Fertility hope as sperm cells made from skin
Human skin from infertile men has been used to create sperm for the first time, in a scientific development which could offer hope to men who cannot have children.
Skin samples from three men were genetically engineered, turning back the developmental clock, so that they assumed the properties of embryonic stem cells – which can grow into virtually any kind of body tissue.
After being implanted into the testes of mice, the samples generated into early-stage sperm cells, in the US trials.
Scientists said that although the "cell precursors" were insufficient to support conception, the breakthrough suggests that, in future, the method could be used to grow fertile sperm from infertile men.
Infertility affects at least 10pc of couples, and in at least one-third of cases it relates to male fertility problems, which are often genetic. The most common defect is missing regions of male Y chromosomes, which is associated with the production of few or zero sperm.
The trials by Stanford University involved three men suffering from such defects. When their tissue samples were genetically engineered and then implanted into the testes of mice, cells were successfully generated.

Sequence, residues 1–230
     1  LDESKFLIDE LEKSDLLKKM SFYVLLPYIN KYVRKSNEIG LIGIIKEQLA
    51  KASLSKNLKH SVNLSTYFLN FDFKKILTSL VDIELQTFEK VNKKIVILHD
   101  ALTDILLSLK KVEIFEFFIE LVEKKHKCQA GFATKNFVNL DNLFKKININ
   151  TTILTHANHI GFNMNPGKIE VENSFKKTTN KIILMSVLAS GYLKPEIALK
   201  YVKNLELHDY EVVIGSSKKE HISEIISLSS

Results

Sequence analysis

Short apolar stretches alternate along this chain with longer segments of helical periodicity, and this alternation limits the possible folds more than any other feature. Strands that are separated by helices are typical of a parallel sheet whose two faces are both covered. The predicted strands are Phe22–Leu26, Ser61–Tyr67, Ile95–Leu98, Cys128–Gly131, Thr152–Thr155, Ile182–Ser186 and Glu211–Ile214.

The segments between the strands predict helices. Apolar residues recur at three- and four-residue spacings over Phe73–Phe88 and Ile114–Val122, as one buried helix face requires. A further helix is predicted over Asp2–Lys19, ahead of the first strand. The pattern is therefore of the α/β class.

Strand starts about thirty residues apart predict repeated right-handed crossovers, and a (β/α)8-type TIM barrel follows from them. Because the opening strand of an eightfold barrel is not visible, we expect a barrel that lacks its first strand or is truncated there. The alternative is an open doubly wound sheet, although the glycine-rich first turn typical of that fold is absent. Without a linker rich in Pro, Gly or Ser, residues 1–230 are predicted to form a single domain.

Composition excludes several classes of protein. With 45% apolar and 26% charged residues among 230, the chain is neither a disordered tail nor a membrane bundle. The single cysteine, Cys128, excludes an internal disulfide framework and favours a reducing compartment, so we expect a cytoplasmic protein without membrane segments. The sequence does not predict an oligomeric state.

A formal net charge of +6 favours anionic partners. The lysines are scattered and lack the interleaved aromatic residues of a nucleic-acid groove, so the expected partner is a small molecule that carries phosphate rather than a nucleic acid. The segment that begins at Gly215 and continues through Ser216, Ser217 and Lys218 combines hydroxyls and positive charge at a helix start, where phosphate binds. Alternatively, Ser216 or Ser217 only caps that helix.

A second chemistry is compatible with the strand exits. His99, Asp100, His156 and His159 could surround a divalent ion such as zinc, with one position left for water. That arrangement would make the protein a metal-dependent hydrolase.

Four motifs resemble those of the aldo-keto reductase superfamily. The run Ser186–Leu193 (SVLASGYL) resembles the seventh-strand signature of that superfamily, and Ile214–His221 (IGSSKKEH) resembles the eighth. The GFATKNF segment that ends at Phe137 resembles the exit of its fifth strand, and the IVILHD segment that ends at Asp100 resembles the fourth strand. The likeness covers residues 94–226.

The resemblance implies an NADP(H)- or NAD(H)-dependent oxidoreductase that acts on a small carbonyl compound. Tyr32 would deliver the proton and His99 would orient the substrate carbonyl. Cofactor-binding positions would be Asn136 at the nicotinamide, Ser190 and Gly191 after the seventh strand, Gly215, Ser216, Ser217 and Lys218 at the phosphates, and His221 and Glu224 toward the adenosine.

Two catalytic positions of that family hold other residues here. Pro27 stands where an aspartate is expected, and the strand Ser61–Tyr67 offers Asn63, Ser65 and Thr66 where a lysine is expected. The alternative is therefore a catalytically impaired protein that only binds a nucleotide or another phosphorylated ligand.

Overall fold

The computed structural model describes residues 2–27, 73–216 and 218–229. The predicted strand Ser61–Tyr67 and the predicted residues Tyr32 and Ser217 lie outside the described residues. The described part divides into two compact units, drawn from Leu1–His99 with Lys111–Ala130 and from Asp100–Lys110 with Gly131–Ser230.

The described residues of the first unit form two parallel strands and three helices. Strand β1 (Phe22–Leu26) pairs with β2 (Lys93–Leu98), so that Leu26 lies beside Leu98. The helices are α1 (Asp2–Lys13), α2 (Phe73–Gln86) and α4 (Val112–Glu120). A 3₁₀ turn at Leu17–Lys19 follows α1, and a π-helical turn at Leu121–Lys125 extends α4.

The findings, published in the journal Cell Reports, indicate that Y chromosome infertility occurs relatively late in the maturing process of sperm cells.
Lead researcher Dr Reijo Pera from the Institute for Stem Cell Biology and Regenerative Medicine said: "Our results are the first to offer an experimental model to study sperm development.
"It might even be possible to transplant stem-cell-derived germ cells directly into the testes of men with problems producing sperm."
In 2012, US scientists from the University of Pittsburgh found that it was possible to generate sperm cell precursors from skin tissue from fertile men.
However, the trials are the first time such methods have succeeded on men with fertility problems.
Researchers suggested the findings could bring hope to men who suffer from genetic infertility problems and from those who become infertile after treatment for diseases such as cancer.
Dr Reijo said: "Our studies suggest that the use of stem cells can serve as a starting material for diagnosing germ cell defects and potentially generating germ cells."
Dr Allan Pacey, senior lecturer in reproduction and developmental medicine at the University of Sheffield, said: "The fact that they could do this is quite exciting." (© Daily Telegraph, London)